Driftwood: shaping shorelines and completing communities

For a while, park staff have been wondering: why do some of our guests who come to visit natural environments feel compelled to leave their mark on that beach, waterfall, or lookout after they’ve left?

At MacGregor Point Provincial Park, we’ve noticed some changes being made to our shorelines by well-meaning sun-seekers who visit our beach for a short time, but leave behind structures made of driftwood.

Staff in our park and others have disassembled several driftwood forts upon discovering them on our beaches, which can be a dangerous task.

Let’s talk about why we’d prefer our visitors to leave driftwood where it lies, and some fun things you can do at the beach instead of building forts.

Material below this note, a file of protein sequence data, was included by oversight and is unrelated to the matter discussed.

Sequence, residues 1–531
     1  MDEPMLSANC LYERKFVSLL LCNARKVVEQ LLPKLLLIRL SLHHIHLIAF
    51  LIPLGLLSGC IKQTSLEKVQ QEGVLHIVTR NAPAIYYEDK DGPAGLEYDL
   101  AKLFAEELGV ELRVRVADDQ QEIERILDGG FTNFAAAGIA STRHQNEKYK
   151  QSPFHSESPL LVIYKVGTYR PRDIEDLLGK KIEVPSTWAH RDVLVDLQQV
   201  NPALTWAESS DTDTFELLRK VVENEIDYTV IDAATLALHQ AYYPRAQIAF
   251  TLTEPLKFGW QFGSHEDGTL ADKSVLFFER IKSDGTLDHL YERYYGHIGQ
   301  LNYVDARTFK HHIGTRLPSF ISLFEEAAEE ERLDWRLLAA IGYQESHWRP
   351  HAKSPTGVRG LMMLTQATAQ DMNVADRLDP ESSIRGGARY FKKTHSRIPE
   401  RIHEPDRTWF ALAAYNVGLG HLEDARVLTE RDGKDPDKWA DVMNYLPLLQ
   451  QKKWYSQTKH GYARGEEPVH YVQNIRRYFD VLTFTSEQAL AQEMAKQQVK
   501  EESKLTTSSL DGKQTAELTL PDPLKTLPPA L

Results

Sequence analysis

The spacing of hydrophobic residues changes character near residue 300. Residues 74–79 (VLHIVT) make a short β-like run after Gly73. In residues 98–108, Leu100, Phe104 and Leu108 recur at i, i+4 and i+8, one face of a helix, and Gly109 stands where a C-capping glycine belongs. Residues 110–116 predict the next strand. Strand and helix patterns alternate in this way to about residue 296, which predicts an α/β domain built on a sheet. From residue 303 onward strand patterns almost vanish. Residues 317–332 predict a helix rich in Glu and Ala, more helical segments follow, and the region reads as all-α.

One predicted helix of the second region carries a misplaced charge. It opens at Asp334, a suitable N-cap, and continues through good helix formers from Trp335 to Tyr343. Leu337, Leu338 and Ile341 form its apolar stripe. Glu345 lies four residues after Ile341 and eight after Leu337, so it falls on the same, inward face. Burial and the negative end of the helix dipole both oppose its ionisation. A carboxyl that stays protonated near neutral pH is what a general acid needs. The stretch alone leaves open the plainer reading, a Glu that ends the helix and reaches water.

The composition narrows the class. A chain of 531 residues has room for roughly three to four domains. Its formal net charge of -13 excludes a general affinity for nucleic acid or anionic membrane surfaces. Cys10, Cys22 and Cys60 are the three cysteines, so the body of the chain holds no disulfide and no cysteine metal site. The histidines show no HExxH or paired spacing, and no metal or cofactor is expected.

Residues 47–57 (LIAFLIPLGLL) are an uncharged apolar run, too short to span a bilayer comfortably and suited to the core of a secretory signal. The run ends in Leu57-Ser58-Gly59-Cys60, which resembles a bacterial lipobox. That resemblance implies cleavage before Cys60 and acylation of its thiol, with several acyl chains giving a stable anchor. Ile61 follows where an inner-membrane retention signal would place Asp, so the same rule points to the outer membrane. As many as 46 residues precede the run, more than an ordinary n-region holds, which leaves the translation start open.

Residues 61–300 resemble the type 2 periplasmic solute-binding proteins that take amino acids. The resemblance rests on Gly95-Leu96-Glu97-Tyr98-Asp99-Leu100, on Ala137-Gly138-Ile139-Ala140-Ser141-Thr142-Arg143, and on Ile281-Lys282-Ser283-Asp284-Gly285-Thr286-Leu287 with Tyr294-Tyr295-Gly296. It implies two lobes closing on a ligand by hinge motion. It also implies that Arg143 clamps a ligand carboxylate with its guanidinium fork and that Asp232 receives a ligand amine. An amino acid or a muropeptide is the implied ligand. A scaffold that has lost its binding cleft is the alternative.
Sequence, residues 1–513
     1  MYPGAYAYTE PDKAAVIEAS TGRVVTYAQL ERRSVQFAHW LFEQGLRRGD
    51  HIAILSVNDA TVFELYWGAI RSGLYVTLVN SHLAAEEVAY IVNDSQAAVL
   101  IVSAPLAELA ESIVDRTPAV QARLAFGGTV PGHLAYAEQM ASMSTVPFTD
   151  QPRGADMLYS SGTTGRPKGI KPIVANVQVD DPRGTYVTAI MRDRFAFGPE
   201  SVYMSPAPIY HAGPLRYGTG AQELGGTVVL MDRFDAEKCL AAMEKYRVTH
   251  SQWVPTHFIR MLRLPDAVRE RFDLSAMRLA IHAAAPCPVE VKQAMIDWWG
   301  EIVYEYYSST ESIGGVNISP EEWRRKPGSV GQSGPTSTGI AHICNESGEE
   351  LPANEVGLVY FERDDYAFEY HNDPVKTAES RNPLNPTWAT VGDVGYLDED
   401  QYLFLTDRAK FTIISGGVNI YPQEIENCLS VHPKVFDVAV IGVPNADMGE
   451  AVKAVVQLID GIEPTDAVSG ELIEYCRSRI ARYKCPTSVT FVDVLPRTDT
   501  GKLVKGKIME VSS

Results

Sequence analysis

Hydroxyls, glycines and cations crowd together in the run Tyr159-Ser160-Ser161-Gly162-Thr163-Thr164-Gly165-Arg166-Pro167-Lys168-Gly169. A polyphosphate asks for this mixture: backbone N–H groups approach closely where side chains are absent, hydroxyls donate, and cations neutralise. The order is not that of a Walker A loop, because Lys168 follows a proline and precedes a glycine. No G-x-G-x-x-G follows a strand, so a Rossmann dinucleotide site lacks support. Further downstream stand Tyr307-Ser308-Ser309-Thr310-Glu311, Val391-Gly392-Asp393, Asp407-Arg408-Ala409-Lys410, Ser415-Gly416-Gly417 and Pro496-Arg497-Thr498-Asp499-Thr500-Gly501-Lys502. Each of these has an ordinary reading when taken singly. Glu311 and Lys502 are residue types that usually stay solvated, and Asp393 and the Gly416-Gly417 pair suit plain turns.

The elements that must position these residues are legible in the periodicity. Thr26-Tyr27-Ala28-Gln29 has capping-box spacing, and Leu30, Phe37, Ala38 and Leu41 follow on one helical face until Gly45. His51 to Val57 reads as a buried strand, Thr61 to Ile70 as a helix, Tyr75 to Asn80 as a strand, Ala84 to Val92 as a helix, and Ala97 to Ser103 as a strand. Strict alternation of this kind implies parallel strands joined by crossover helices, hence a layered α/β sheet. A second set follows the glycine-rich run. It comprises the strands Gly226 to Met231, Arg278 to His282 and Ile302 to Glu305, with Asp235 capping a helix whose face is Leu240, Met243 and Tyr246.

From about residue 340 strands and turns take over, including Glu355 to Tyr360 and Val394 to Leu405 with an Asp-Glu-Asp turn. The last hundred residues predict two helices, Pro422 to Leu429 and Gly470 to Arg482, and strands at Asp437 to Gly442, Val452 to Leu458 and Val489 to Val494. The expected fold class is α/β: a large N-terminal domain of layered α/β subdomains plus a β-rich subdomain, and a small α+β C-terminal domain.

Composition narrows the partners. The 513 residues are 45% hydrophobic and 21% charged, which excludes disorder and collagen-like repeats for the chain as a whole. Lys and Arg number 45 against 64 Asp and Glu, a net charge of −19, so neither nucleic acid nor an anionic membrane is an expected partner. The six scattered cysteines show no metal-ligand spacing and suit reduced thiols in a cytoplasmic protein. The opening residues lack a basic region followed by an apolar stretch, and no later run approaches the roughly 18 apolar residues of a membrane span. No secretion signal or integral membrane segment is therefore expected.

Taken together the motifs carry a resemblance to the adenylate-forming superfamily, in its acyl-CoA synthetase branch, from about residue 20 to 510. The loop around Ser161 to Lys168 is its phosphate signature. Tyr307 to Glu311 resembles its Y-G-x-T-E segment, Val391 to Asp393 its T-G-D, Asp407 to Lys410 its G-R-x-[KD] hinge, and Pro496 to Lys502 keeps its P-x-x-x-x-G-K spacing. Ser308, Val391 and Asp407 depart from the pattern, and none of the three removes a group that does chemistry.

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Ollie and Oona’s new pad

Port Burwell Provincial Park is a hot spot for large raptors.

Two local Osprey (affectionately named Ollie and Oona) fish Big Otter Creek and the shores of Lake Erie, regularly bringing their “catch of the day” back to the park’s radio tower to settle in for some fine dining high above the park.

In February of 2019, local volunteer Cliff Dickinson approached the park about the feasibility of installing an Osprey nesting platform.

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June’s digital download

If you like to paddle and you haven’t been out yet this year, we know you’re itching to get out on the water.

This month’s FREE digital download features two paddling pals, making the most of a beautiful day on Lake Huron at Inverhuron Provincial Park.

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